Lab Sheet 9 
Understanding the Concept of Templates and Exception

Function Template

Overloaded functions normally are used to perform similar operations on different types of data. If the operations are identical for each type, it is more convenient to use function templates. The programmer writes a single function-template definition. Based on the argument types provided explicitly or inferred from calls to this function, the compiler generates separate object-code function to handle each function call appropriately.

All function-template definition begin with keyword template followed by a list of formal type parameters to the function template enclosed in angle brackets (< and >); each formal type parameter must be preceded by either of the interchangeable keywords class or typename, as in

template< class Type >

Or

template< typename ElementType >

Or

template< class Type_1, class Type_2>

Example

#include<iostream>

using namespace std; 

 

//function template printArray definition

template< class T>

void printArray(T *array,int count)

{

for(int i=0;i<cout;i++)

cout<<array[i]<<" "<<endl;

}

//end of the function

 

int main()

{

int a[4]={1,2,3,4};

double b[5]={1.1,2.2,3.3,4.4,5.5};

char c[6]= "Hello";

cout<<" Array a contains: "<<endl;

printArray(a,4);

cout<<" Array b contains: "<<endl;

printArray(b,5);

cout<<" Array c contains: "<<endl;

printArray(c,6);

return 0;

}

Class Template

The template concept can be extended to classes. Class templates are generally used for data storage classes. The approach is similar to that used in function template. Here the template keyword and class name signal that the entire class will be a template.

template <class T>

Class Stack

{

//data and member functions using argument T

};


Example

#include<iostream>

using namespace std;  

template<class T>

class Stack

{

private:

T st[100];

int top;

public:

Stack();

void push(T var);

T pop();

};

 

template<class T>

void Stack<T>::Stack()

{

top=-1;

}

template<class T>

void Stack<T>::push(T var)

{

st[++top]=var;

}

 

template<class T>

T Stack<T>::pop()

{

return st[top--];

}

 

int main()

{

Stack<float> s1;

s1.push(111.1F);

s1.push(222.2F);

s1.push(333.3F);

cout<<"1 : "<<s1.pop()<<endl;

cout<<"2 : "<<s1.pop()<<endl;

cout<<"3 : "<<s1.pop()<<endl;

 

Stack<long> s2;

s2.push(123123123L);

s2.push(234234234L);

s2.push(345345345L);

cout<<"1 : "<<s2.pop()<<endl;

cout<<"2 : "<<s2.pop()<<endl;

cout<<"3 : "<<s2.pop()<<endl;

return 0;

}

Exception Handling

Exception handling is designed to handle only synchronous exceptions. The mechanism provides means to detect and report an exceptional circumstance so that appropriate action can be taken. The mechanism suggests a separate error handling code that performs the following tasks:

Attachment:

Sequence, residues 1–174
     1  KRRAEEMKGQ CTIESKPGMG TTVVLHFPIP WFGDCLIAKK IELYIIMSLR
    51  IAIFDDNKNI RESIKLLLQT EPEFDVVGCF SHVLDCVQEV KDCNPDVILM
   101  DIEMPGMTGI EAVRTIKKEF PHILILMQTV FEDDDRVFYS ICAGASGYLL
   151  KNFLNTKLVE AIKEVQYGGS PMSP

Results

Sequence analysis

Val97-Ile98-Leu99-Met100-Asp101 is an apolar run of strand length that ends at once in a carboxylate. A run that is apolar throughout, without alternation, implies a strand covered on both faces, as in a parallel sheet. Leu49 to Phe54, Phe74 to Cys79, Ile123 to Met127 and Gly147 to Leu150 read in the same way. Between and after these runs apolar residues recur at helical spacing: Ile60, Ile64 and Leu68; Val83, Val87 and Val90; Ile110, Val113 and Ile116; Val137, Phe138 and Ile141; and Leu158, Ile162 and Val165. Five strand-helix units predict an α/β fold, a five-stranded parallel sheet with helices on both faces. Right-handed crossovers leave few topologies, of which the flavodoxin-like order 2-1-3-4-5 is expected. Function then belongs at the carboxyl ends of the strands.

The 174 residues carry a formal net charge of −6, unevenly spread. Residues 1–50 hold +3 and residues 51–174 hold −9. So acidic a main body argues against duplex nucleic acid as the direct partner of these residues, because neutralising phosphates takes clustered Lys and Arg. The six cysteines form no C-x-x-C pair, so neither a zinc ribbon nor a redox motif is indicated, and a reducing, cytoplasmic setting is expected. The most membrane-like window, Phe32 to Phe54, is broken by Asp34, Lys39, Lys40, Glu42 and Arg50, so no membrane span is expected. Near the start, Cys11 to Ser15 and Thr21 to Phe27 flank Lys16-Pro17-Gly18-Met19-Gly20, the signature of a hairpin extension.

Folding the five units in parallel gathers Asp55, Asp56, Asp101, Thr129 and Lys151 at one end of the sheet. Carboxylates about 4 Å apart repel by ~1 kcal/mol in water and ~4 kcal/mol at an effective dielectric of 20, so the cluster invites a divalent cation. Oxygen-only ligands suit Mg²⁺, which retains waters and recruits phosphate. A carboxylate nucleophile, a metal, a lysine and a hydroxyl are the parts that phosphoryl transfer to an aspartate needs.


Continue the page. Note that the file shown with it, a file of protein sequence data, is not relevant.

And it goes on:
1. Find the problem ( Hit the exception)
  2. Inform that an error has occurred( Throw the exception)
  3. Receive the error information( Catch the exception)
  4. Take corrective actions( Handle the exception)

General syntax

.........

try

{

..........

throw exception_object;    //Block of statements which detects and throws an exception

.........

}

catch(type arg)                   //Catches exception

{

       .........                  //Block of statements that handles the exception

}

.........

.........


Example

#include<iostream>

using namespace std;

class ex_demo

{

  private:  

    int a;

    int b;

  public:

    ex_demo(){}

    class DIVIDE{}; //abstract class for exception

    void getdata()

    {

cout<<"Enter dividend (A) and divisor (B)" <<endl;

         cin>>a>>b;

    }

    void divide()

    {

      try

      {

        if(b!=0)

        {

          cout<<"Result(A/B) = "<<a/b<<endl;

        }

 

        else

        {

          throw DIVIDE();

        }

      }

      catch(DIVIDE)

      {

        cout<<"Exception Caught : b= " <<b<<endl;

      }

    }

};

int main()

{

  clrscr();

  ex_demo ex;

  ex.getdata();

  ex.divide();

  return 0;

}

Multiple Catch Statement

A program can have more than one condition to throw an exception. It is possible to use multiple catch statements with try block. When an exception is thrown, the exception handlers are searched in order for an appropriate match. The first handler that yields a match is executed, after executing the handler; the control goes to the first statement after the last catch block for that try.


Syntax

try

{

  //try block

}

catch(type1 arg)

{

  //catch block

}

catch(type2 arg)

{

  //catch block

}

....

....

catch(typeN arg)

{

  //catch block

}

 

Re-throwing an exception

A handler may decide to re-throw the exception caught without processing it. In such situation, we may simply invoke throw without any arguments as shown below:

throw;

This cause the current exception to be thrown to the next enclosing try/catch sequence and is caught by a catch statement listed after that enclosing try block.

Exercises

  1. Create a function called sum ( ) that returns the sum of the elements of an array. Make this function into a template so it will work with any numerical type. Write a main ( ) program that applies this function to data of various type.
  2. Write a class template for queue class. Assume the programmer using the queue won't make mistakes, like exceeding the capacity of the queue, or trying to remove an item when the queue is empty. Define several queues of different data types and insert and remove data from them.
  3.  Modify the stack class given in the previous lab to add the exception when user tries to add item while the stack is full and when user tries to add item while the stack is empty. Throw exception in both of the cases and handle these exceptions.
  4. Write any program that demonstrates the use of multiple catch handling, re-throwing an exception, and catching all exception.
 
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